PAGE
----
LAST WEEK – KEY TAkeAWAYs
Stock markets register bumper 2017
Global stock markets had a bumper 2017 as investors kept faith with equities and other risk assets. The MSCI World index climbed 12% in sterling terms over the 12 months. The UK stock index, the FTSE 100, gained 12% while in the US the S&P 500 grew by 11%, again in sterling terms (source: FE Analytics, 1/1/17 – 31/12/17).
Asian stocks boosted by Chinese manufacturing data
Asian and emerging markets also had a strong 2017 – the MSCI Emerging Markets index climbed 25% in sterling terms – and 2018 kicked off with more gains as a survey of Chinese manufacturers beat forecasts. The Caixin-Market Manufacturing Purchasing Managers’ Index (PMI), which tracks the largest companies in the country, rose to 51.5 in December, up from 50.8 the previous month. A reading above 50 indicates expansion.
Mixed corporate outlook on US tax reform
A huge overhaul of the US tax system was finally approved late last month as the Senate passed president Trump’s tax bill, but not everyone is happy. One of the country’s largest investors, Goldman Sachs, said its fourth-quarter results due this month will be $5bn (£3.7bn) lower than expected because of revisions to corporate income tax, which will fall from 35% to 21%. UK based energy giant BP also predicted a short-term hit, however overall it was more optimistic on its future earnings.
Eurozone manufacturing at record high…
Activity in the eurozone manufacturing sector ended 2017 with record-high growth. IHS Markit’s final Purchasing Managers’ Index (PMI) rose to 60.6 in December, from 60.1 the previous month, thanks to strong rates of expansion in output, new orders and employment. The reading, which can be between 0 and 100, was the best for the region since the survey began in 1997.
… As UK PMI dips, but remains solid
IHS Markit also released the latest PMI figure for the UK, with the sector coming in a 56.3 last month, down from 58.2 in November. However, this was still a solid reading, considering that the November figure was the highest in more than four years. Manufacturing has remained strong in the UK since the EU referendum, thanks to the subsequent weakness of the pound.
Looking ahead - TALKING POINTS
All eyes on Fed minutes and US jobs report
Last month’s interest rate increase from the US Federal Reserve may have been widely anticipated, but analysts are hungry for insights into policy makers’ anecdotal thoughts on the state of the economy. The Fed minutes released on Wednesday could reveal how the aforementioned tax reform might impact future decision making and what might be needed to boost sluggish inflation.
Unemployment is not such a problem for the US at present, and on Friday the Labor Department releases its latest data. Job growth averaged 236,000 in October and November and some economists believe up to 200,000 new roles were created in December. In October the unemployment rate dropped to 4.1% - the lowest level since December 2000, when it hit 3.9%.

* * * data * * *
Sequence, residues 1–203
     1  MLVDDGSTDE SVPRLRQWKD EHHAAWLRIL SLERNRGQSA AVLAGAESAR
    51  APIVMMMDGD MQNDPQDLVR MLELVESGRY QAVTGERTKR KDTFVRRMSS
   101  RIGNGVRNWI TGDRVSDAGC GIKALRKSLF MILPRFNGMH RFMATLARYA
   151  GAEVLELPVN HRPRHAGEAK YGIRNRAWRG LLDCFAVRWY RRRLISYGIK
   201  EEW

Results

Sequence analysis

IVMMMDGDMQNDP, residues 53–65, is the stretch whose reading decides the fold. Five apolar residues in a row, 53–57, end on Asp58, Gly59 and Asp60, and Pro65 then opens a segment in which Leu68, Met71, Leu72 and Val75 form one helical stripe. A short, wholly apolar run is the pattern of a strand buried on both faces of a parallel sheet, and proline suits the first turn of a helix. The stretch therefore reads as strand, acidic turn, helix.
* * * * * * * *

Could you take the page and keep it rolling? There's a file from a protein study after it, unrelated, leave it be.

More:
US Unemployment Rate (%) – December 2016 to November 2017
Source: US Bureau of Labor Statistics, Tradingeconomics.com
2018 - a decisive year for Brexit
After the first phase of Brexit negotiations came to an end with an agreement on the UK’s so-called ‘divorce bill’ from the EU in December, 2018 kicks off phase two’s transitional arrangements. The early part of the year will see a focus on the conditions for the post-Brexit transition period requested by the UK, with the EU having previous offered continuation of the status quo until the end of 2020. This leads up to a EU summit in Brussels in late March with the EU’s chief negotiator Michel Barnier given a mandate to negotiate the EU’s future relationship with the UK. The goal is for a finalised withdrawal treaty to be completed in time for a further EU Summit in October 2018, with both sides needing to agree on a joint declaration of principles to begin in March 2019.
EU’s proposed timetable for Brexit negotiations
Source: Institute for Government analysis of European Commission documents, May 2017
THE OMNIS VIEW
Through a well-diversified approach to asset allocation, the Omnis investment team aims to defend and grow the value of your portfolio through market cycles. 2017 was a largely successful year for investors who showed a willingness to stick with risk assets and therefore benefitting from the prolonged rally in equity markets. While this rally may continue well into the new year, the shrewdest investors are likely to be those who look to diversify their exposure across assets classes when risks outweigh potential future rewards, putting money to work in bonds and alternatives which could smooth returns in periods of heightened volatility.
Omnis Investments is now tweeting daily updates. Follow us at: @OmnisInvest
The Omnis Managed Investments ICVC and the Omnis Portfolio Investments ICVC are authorised Investment Companies with Variable Capital. The authorised corporate director of the Omnis Managed Investments ICVC and the Omnis Portfolio Investments ICVC is Omnis Investments Limited (Registered Address: Washington House, Lydiard Fields, Swindon, SN5 8UB) which is authorised and regulated by the Financial Conduct Authority, 25 North Colonnade, London E14 5HS. Omnis Investments Limited does not offer investment advice nor make recommendations regarding investments. Potential investors are particularly advised to read the specific risks and charges applicable to the Funds which are contained in the Prospectus and Key Investor Information Documents (KIIDs).
Omnis Investments Limited is registered in England and Wales under registration number 06582314 (Registered Office: Washington House, Lydiard Fields, Swindon SN5 8UB).